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November 29, 2012

London hospital introduces non-surgical back, neck pain treatment

BMI Fitzroy Square Hospital in the city of London, based in the United Kingdom, is offering a new non-surgical treatment for back and neck pain sufferers at its spinal clinic.

By admin-demo

BMI Fitzroy Square Hospital

BMI Fitzroy Square Hospital in the city of London, based in the United Kingdom, is offering a new non-surgical treatment for back and neck pain sufferers at its spinal clinic.

Developed in the United States, the Intervertebral Differential Dynamics (IDD) therapy offered at the clinic is a form of spinal decompression for patients who suffer from back and neck pain.

BMI Fitzroy Square Hospital IDD therapy clinical director Robert Shanks said that the therapy could be a potential treatment, offering effective long term pain relief to patients without the need for surgical intervention.

"While still in its infancy here in the UK, IDD is well established in America and Canada where it has rapidly become the standard treatment to bridge the gap between physiotherapy and spinal surgery," Shanks added.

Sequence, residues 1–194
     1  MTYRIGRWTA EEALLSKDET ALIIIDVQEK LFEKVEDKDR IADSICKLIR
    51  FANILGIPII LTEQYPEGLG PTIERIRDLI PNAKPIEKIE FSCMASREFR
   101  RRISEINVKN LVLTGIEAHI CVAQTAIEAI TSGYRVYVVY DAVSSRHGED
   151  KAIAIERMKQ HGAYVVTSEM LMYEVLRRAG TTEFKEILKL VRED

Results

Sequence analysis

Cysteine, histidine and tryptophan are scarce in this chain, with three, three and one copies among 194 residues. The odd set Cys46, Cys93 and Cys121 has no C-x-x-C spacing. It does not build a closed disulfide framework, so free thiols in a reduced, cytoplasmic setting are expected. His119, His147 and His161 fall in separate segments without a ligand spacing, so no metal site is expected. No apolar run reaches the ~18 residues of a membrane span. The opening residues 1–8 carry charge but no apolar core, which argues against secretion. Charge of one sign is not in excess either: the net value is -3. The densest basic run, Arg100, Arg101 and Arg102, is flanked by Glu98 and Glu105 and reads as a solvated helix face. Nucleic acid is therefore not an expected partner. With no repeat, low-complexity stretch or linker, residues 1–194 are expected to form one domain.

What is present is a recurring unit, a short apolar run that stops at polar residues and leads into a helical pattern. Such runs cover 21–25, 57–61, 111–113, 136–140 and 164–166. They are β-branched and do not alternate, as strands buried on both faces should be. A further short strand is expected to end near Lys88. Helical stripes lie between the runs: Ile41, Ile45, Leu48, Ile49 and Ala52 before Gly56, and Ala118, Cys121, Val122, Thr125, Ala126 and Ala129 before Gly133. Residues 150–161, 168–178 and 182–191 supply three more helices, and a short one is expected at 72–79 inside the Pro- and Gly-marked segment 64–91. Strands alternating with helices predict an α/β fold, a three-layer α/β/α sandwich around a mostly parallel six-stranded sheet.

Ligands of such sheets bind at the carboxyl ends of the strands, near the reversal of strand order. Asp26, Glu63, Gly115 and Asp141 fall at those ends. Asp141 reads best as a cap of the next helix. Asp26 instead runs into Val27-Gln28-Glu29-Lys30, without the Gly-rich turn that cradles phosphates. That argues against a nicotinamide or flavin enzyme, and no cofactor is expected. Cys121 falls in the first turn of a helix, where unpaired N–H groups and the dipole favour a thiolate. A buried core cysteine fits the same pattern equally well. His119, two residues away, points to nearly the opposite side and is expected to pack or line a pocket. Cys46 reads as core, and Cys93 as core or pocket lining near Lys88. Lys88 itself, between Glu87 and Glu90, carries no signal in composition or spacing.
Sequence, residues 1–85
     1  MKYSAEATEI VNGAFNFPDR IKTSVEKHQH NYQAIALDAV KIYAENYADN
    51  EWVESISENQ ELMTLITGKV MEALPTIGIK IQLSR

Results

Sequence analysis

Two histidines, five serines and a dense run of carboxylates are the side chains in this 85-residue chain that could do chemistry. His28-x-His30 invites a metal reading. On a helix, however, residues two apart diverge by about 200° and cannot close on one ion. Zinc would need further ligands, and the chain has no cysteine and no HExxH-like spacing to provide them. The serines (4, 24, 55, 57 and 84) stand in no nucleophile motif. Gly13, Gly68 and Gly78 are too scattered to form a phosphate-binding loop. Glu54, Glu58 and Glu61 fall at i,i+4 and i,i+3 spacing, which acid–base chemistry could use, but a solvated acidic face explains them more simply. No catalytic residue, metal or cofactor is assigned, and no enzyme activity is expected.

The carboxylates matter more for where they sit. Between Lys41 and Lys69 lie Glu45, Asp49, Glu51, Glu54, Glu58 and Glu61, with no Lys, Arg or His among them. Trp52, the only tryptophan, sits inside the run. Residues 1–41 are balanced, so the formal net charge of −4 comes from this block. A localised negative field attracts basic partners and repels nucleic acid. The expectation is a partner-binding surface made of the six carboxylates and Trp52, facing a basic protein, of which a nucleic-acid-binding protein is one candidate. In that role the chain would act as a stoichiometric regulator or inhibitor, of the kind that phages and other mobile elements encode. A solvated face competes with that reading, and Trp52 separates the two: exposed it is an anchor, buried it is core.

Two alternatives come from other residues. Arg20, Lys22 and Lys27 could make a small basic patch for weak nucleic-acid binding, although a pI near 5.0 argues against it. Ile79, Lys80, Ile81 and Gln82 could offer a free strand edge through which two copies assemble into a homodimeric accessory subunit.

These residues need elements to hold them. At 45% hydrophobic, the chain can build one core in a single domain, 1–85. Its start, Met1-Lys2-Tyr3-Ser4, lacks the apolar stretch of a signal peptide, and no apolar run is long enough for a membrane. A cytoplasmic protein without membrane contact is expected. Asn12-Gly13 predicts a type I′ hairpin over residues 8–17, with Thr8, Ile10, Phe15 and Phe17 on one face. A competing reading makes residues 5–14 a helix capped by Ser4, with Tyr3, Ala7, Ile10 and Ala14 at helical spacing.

"IDD therapy isn’t a cure-all solution for all forms of back and neck pain, but as I have witnessed over the last 18 months since using this new therapy, the results for many patients can be life-changing."

Intervertebral Differential Dynamics treatment facilitates high-tech computer controlled therapy, which allows the application of controlled pulling forces that tenderly pull apart targeted spinal segments and are based on a patient’s weight and specific areas of damage.

"Intervertebral Differential Dynamics treatment facilitates high-tech computer controlled therapy."

The therapy, suitable for patients suffering from unresolved pain in their back, neck, arm or leg caused by spinal nerve root irritation, uses a distraction process that takes the pressure off the affected spinal disc, as well as any pinched nerves.

IDD therapy that relies on the body’s natural healing mechanism promotes the movement and absorption of water, oxygen and nutrient-rich fluids into the discs.

The treatment lasts for an hour and each session might also include other therapy modalities, such as core strengthening and stretches.

BMI Fitzroy Square Hospital consultant orthopaedic and spinal surgeon Martin Knight said: "It [IDD therapy] has proved to be an effective non-invasive option for a number of chronic patients who had been left in "no man’s land", meaning that their pain had not improved with standard manual treatments but they did not want, or were not suitable for surgery."


Image: IDD therapy is being implemented at London’s BMI Fitzroy Square Hospital. Photo courtesy of BMI Fitzroy Square Hospital.

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